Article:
Legal Cost Specialists

Faisel v Lancashire County Council – Administration of solicitors

The other day I posted a link to a website showing some case summaries of various first instance decisions. One angry reader commented: “I’m surprised this is publicised on the blog as useful case summaries – will we now all be submitting every DJ decision and taking it as Gospel?”

I see no reason to interfere with the long-established tradition amongst law costs draftsmen and costs lawyers to treat a decision made late on a Friday afternoon by a Deputy District Judge, sitting in Worthing County Court, on the appropriate grade of fee earner to allow in a public liability tripping claim, as being binding on all other members of the judiciary for similar claims. Indeed, surely there is no need to even produce a copy of a judgment or transcript, one can simply tell a judge that: “Costs Officer So-and-So always allows me a rate of £200 per hour for this type of case” and the judge will be obliged to allow the same.

Of course, aside from the issue of whether first instance decisions are binding or not, there are often no higher authorities on a given issue of costs law. Therefore these decisions can often throw useful light on the various arguments that can be run, and a well delivered judgment can provide an extremely helpful summary of what can otherwise be quite complex issues.

With the above in mind, here is a link to the interesting decision in Faisel v Lancashire County Council, Preston County Court (25 May 2012) concerning the situation where the original firm of solicitors ceases to act following them going into administration. Where they are acting under a CFA, are their costs recoverable at the conclusion of a case? This issue usually comes down to a question of analysis of the terms of the CFA that deal with termination of the agreement before the successful conclusion of the claim and how the Court determines the agreement was ended.

Here the District Judge appears to have concluded, although not exactly expressing himself in these terms, that it was the decision of the Claimant to terminate the original agreement (notwithstanding the fact that the original solicitors were already in administration), and the terms of the CFA therefore allowed for the solicitors to recover their costs in this situation.

Thank you to Paul Tidman of County Cost Consultants for providing a copy of this judgment.

7 thoughts on “Faisel v Lancashire County Council – Administration of solicitors”

  1. Great. A judgment where the judge doesn’t even appear to understand the difference between administration and liquidation or the point at which a company ceases to be a legal entity and appears to have no regard to the law as to equitable as opposed to legal assignment.
    At least it does serve to prove the point about the danger of relying on first instance decisions …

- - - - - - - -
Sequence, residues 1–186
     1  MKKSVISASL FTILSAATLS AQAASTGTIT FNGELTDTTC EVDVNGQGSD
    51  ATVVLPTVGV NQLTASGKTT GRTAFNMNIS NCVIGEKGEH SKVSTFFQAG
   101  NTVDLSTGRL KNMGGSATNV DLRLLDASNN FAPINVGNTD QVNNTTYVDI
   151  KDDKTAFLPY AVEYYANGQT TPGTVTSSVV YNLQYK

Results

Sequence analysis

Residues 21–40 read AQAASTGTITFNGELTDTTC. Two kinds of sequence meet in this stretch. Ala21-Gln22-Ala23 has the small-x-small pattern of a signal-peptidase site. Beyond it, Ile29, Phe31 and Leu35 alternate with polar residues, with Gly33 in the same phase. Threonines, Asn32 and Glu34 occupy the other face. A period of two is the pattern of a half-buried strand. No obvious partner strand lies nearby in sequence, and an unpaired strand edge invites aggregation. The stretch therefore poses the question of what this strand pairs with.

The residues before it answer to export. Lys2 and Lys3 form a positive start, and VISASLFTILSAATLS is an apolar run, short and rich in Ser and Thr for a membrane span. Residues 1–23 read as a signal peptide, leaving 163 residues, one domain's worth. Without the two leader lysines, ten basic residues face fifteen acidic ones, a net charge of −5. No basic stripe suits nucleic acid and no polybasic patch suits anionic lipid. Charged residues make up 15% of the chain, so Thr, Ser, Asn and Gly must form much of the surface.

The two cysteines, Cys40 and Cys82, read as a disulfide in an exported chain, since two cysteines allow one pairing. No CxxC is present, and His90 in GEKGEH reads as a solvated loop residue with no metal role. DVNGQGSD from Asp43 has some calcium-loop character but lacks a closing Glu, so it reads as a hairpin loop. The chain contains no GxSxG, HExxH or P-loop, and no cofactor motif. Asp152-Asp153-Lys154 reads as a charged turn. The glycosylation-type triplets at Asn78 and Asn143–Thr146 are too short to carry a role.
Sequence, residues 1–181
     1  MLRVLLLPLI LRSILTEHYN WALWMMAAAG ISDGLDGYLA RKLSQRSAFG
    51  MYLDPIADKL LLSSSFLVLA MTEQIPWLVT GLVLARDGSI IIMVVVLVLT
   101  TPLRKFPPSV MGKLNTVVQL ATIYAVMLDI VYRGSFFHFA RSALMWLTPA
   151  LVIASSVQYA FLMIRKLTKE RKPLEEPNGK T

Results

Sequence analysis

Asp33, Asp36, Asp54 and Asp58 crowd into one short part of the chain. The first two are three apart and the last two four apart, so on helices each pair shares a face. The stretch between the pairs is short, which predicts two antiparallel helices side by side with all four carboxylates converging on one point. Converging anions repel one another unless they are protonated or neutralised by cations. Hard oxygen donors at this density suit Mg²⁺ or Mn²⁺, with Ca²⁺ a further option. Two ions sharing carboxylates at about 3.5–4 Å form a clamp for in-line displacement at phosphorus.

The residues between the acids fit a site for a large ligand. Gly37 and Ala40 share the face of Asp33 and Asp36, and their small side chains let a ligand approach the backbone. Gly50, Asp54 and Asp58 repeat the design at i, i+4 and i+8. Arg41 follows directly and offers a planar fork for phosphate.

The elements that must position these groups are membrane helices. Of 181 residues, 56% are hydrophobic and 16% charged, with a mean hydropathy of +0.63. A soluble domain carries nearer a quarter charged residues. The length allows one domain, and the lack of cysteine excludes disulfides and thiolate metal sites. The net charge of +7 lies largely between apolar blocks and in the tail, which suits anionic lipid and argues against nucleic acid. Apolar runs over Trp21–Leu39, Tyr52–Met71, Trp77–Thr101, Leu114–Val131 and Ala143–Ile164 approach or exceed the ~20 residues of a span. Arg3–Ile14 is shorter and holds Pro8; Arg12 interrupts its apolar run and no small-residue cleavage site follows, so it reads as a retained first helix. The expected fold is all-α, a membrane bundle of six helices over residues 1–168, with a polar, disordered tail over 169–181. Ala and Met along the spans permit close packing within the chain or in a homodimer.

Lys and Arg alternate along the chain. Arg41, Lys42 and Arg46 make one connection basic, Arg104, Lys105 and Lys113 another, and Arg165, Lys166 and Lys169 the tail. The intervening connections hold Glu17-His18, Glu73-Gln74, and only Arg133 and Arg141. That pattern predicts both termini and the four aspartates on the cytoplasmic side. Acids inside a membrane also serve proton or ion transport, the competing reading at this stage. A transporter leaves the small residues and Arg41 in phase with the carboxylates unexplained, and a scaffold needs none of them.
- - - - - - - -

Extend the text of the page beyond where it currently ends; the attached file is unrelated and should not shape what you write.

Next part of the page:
2. Judge Turner is the RCJ for Lancashire and very good at it too.

    regrettably on this instance I disagree with his finding, but that being said, the points put forward by the Defendant were couched wrong and missed vital points. The retainer ended by the solicitors actions, and as it is not covered by the termination clauses, the cfa invalidates from day 1.

    I have run this argument successfully in many courts – unlike certain draftsmen here however, I do follow what the COA have given clear guidance upon regarding the status of cases in each level of court. I truly hope i catch one of the readers here trying to pull a county court decision out at DA on me!

  3. Re Anonymous’ comment:
    I’m sure RCJ Turner is an excellent RCJ. Sadly, issues of company law, contract law and equity are often outside the provinces of even the best Cost Judge (or costs lawyer) as some of the decisions in the SCCO have proven over the years.

    There are good reasons why we have rules of precedent and a practice direction which generally forbids the citation of first instance judgments – even from costs judges and even if it is often honoured more in the breach than the observance

    Anon – the first Anon, not the second one (all these Anons could become a little confusing).

  4. Possibly settled the Cost Lawyer v Cost Counsel argument & goes to show technical arguments should be left to Counsel !

  5. which fool goes to a DA without knowing the issues (obviously answered in the transcript of the first instance Judgement referred to in the article)

    Costs Lawyer -v- Costs Counsel?? No, a good costs draftsman, less pretentious as to their ability as they dont have the title to worry about (still loving the fact Costs Lawyers think they can advocate because they sat through a days lecture on it haha)

  6. Well having now read the judgment, the criticisms of it are too general to persuade me that the judge was wrong. What actions by the solicitor ended the retainer? On the judge’s analysis of the facts, that just doesn’t stack up I’m afraid. And the difference between administration and liquidation, was the judge’s explanation wrong, and if so, in what way?

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